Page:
Tribeca Fund Targets BHP's Board for a Sweeping OverhaulBy
Sydney fund in talks with as many as 4 alternative directors
Existing board lacks debate and mining experience, fund says
BHP Billiton Ltd.’s board is being targeted for a sweeping overhaul by Tribeca Global Natural Resources Fund, opening a potential new front in the burgeoning activist campaign against the world’s biggest mining company.
The Sydney-based hedge fund, which last month joined billionaire Paul Singer’s Elliott Management Corp. in calling for changes aimed at shifting strategy at BHP, believes about five or six members of the 11-person board need to be replaced, portfolio manager Craig Evans said Tuesday in a phone interview. BHP declined to comment.
“It appears there’s been no significant and sensible debate on issues at a board level and part of that is because there’s no-one with substantial technical and operational experience that is challenging senior management on some of these issues,” Evans said. Tribeca has said the fund holds BHP’s London and Sydney traded shares, without disclosing the size of its holdings.
Elliott spokesman Michael O’Looney declined to comment on whether the fund also plans to propose the replacement of existing directors. New York-based Elliott last month struck an agreement to name three directors to the board of metals manufacturer Arconic Inc. amid a campaign criticizing under-performance at the producer.
BHP declined 1.4 percent to A$23.34 in Sydney trading Tuesday, extending its decline this year to 6.9 percent.
Activist investors have gone public since April with attacks on BHP over what they regard as misjudged shale acquisitions, poorly timed share buybacks and disappointing exploration results. Singer’s Elliott argues BHP’s leadership has destroyed $40 billion in value and last month called for an independent review of the producer’s $22.5 billion petroleum division.
Tribeca would have sufficient support from fellow investors to seek a vote on the replacement of existing board members with alternative candidates, Evans said. “We’d prefer to not need to go down that path,” he said.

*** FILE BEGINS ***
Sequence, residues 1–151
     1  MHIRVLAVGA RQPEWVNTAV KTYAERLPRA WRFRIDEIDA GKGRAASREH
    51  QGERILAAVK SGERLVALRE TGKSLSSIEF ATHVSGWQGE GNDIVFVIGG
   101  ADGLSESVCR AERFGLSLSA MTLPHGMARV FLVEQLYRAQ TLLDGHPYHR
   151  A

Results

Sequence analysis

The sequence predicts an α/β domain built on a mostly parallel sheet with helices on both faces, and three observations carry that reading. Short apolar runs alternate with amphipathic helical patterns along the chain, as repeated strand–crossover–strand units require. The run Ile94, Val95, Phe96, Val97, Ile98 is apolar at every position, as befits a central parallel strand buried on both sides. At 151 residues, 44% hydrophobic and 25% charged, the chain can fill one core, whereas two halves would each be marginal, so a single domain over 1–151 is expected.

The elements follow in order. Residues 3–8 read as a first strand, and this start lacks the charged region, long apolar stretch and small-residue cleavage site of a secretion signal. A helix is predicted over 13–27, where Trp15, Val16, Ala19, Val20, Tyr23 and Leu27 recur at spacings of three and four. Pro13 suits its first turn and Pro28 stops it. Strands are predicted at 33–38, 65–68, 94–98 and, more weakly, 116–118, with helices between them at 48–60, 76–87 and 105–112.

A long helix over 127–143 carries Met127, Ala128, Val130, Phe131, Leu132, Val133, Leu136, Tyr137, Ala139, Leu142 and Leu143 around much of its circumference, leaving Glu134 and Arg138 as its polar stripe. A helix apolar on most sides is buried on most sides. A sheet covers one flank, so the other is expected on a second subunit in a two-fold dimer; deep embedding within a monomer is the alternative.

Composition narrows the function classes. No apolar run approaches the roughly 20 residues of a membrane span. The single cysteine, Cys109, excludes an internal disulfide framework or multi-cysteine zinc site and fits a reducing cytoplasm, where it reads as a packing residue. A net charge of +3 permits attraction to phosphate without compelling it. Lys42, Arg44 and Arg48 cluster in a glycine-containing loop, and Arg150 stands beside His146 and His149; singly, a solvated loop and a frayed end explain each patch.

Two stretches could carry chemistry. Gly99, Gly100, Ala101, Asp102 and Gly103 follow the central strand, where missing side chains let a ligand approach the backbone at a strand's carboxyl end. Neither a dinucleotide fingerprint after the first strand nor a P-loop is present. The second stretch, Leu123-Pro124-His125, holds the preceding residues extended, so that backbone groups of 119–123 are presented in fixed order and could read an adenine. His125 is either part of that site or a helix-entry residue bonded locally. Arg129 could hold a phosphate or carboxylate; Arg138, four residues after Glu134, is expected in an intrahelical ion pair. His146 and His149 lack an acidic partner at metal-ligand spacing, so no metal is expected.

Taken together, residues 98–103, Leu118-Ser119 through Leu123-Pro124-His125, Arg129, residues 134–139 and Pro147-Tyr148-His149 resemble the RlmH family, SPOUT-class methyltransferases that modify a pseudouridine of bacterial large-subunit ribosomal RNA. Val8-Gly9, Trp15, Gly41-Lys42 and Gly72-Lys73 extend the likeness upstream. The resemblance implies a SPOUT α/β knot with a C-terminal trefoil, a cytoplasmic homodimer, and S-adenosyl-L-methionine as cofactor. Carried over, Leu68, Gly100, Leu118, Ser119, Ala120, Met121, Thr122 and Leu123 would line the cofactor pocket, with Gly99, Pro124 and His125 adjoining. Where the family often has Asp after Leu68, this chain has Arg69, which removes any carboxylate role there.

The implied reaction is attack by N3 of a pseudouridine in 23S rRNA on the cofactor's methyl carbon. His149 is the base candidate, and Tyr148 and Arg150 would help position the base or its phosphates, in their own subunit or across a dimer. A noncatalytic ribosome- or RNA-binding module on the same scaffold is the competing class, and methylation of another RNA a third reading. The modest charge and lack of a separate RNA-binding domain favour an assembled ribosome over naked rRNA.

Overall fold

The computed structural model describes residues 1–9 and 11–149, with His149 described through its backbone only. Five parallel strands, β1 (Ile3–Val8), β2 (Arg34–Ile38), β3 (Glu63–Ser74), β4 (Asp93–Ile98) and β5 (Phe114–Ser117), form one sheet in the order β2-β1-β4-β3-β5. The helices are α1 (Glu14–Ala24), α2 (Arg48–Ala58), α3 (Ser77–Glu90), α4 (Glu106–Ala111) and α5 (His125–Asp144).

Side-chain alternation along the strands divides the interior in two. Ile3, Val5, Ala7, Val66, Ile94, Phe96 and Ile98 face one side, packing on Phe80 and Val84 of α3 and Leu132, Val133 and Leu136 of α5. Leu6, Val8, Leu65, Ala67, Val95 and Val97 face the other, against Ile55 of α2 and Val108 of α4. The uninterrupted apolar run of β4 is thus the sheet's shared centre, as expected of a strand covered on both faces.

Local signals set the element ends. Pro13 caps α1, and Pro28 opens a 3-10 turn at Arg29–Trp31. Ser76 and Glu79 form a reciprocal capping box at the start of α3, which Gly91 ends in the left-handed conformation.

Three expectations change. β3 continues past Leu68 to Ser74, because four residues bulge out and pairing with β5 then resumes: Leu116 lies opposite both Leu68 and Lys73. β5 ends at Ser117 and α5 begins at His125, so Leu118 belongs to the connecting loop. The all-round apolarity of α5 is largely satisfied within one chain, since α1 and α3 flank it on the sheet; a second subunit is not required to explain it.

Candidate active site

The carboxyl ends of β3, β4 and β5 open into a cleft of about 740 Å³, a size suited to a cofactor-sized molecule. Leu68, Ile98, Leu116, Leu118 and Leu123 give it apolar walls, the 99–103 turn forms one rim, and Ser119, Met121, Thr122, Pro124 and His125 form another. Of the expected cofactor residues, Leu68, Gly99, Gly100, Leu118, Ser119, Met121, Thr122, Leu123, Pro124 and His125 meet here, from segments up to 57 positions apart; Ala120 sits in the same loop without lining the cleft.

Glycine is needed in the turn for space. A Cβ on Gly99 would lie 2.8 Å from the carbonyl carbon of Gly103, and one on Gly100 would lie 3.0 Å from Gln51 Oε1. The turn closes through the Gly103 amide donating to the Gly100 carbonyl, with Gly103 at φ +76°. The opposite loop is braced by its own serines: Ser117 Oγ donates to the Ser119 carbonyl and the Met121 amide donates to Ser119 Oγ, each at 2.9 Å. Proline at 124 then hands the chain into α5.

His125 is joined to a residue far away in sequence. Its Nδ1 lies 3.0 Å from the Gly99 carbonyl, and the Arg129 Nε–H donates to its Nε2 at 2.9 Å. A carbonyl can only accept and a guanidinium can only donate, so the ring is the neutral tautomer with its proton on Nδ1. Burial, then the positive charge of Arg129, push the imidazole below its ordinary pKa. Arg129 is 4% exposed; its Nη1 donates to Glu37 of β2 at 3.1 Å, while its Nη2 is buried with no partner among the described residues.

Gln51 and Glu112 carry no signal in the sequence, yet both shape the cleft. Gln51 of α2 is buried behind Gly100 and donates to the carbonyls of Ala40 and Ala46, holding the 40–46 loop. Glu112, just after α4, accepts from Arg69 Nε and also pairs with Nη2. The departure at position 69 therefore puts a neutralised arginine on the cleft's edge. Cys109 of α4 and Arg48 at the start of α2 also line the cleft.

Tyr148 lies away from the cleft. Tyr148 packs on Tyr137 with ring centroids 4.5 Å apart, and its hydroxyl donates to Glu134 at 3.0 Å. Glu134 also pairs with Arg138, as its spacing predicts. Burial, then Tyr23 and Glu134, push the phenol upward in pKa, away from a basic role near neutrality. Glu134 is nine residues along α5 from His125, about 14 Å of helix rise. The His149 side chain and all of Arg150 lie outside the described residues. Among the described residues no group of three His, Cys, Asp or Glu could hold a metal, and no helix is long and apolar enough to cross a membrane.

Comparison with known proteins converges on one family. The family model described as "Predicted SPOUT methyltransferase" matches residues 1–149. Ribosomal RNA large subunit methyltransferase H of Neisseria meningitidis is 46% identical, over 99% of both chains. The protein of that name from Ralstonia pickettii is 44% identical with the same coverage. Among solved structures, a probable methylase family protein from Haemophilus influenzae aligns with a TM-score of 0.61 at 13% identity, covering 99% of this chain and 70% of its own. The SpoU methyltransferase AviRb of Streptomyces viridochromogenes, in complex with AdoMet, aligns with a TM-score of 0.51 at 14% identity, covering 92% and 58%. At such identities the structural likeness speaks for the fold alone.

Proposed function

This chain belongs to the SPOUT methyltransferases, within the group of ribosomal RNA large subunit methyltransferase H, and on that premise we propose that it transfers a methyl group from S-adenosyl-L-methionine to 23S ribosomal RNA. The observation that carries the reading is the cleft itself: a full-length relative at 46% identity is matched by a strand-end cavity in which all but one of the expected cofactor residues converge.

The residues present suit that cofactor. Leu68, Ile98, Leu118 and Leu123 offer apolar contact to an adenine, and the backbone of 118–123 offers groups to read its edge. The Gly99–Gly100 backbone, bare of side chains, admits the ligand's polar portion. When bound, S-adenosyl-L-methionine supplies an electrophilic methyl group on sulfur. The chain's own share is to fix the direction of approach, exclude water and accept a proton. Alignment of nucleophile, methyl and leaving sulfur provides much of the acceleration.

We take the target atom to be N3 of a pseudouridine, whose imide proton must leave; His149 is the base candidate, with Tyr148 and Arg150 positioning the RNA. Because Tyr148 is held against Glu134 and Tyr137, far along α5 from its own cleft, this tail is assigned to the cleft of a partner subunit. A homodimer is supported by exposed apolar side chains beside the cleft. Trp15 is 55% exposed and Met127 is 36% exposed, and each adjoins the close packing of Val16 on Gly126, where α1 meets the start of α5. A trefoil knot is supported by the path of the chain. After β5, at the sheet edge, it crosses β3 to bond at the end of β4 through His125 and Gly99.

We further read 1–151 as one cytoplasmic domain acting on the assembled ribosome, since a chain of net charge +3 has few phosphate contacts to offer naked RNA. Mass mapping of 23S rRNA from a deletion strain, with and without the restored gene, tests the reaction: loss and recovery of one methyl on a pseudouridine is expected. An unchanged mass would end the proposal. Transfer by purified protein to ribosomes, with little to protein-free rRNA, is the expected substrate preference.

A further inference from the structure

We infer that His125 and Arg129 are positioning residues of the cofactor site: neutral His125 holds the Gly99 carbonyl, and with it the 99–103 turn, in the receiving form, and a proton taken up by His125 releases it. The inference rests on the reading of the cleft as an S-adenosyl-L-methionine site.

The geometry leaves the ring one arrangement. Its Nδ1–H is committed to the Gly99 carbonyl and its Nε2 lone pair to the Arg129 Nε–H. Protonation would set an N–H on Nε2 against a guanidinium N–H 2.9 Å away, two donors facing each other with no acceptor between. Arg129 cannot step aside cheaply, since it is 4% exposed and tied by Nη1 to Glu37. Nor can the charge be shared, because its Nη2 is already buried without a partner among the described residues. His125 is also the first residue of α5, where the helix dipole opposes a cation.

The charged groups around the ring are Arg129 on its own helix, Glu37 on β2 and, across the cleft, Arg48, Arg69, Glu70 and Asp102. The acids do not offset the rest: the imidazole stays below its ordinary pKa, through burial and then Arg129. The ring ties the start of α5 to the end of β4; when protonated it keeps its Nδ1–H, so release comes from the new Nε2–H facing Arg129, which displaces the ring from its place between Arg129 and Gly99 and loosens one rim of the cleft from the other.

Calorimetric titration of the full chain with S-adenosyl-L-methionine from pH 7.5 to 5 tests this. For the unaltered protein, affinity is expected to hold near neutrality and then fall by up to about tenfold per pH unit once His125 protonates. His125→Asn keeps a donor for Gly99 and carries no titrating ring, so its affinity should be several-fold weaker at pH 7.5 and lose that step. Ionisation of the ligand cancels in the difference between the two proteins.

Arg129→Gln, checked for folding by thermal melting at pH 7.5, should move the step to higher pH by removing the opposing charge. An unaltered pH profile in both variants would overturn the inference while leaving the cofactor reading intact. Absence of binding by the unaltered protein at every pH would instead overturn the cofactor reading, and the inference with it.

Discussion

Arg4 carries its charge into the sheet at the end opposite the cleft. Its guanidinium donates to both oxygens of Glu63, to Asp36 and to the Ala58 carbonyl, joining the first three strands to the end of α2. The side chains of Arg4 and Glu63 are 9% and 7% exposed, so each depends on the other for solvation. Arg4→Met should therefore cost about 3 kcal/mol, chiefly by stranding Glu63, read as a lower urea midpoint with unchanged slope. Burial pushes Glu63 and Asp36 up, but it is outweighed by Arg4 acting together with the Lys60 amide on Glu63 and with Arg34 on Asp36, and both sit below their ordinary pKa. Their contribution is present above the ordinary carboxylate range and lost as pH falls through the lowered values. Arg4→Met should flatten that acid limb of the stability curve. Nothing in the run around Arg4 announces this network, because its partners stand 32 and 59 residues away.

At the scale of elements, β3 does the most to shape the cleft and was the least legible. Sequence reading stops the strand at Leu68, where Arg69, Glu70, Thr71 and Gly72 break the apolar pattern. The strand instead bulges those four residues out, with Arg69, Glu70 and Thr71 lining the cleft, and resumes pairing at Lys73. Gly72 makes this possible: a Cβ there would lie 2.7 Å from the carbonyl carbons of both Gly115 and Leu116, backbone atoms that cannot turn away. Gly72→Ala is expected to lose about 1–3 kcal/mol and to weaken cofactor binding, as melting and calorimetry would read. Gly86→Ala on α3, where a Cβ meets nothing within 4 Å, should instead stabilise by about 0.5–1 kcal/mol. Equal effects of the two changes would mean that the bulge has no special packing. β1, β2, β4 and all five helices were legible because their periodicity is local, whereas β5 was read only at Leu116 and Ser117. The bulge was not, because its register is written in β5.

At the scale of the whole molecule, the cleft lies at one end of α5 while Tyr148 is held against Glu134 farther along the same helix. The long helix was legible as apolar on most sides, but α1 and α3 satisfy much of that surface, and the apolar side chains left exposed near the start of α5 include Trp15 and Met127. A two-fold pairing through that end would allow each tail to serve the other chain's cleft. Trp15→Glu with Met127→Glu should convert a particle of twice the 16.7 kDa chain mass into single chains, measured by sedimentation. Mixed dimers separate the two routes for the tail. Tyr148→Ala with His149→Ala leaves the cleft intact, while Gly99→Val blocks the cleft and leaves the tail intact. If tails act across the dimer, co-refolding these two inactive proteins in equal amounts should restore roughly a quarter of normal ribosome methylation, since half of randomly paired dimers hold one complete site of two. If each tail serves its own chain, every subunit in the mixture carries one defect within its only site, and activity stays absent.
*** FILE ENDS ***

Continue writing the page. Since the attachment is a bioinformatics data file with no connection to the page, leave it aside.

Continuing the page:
Potential alternative directors who are in discussions with Tribeca have experience in either the mining or petroleum sectors, or both industries, and include Australian and international candidates, said Evans, who declined to identify the individuals as discussions are private.
“They are people with decades of experience in the sector, and who’ve been extremely successful CEOs as well,” Evans said. “That’s our biggest focus at the moment, trying to get more commodities and technical experience on to that board with people who’ve done that in a savvy way within companies.”
Tribeca intends to approach BHP and its board to initiate a discussion about a process to replace some incumbent directors and would move to a public campaign only if the Melbourne-based producer is unresponsive, according to Evans.
Members of the producer’s existing board have experience at companies including Newmont Mining Corp., Royal Dutch Shell Plc and mining sector explosives supplier Orica Ltd. BHP’s Chief Executive Officer Andrew Mackenzie, who serves on the producer’s board, held previous roles at Rio Tinto Group and BP Plc.
Shareholders with support of holders of 5 percent of voting rights are able to request a meeting to propose the appointment or removal of directors, and are able to put forward resolutions to potentially be considered at planned annual meetings, said Justin Mannolini, a Perth-based partner at law firm Gilbert + Tobin, who has previously advised companies on shareholder activism.
“Australian law is fairly fertile for shareholder activism,” Mannolini said by phone. “There are a number of features that are quite convenient for shareholders with as little as 5 percent of the company to demand changes to the board.”
BHP’s board is “continually reviewing the fit, the shape and the strategy of our petroleum business” and existing directors go “way beyond” the proposals set out by Elliott in reviewing the company’s strategy and portfolio, Mackenzie told reporters Monday in Tokyo.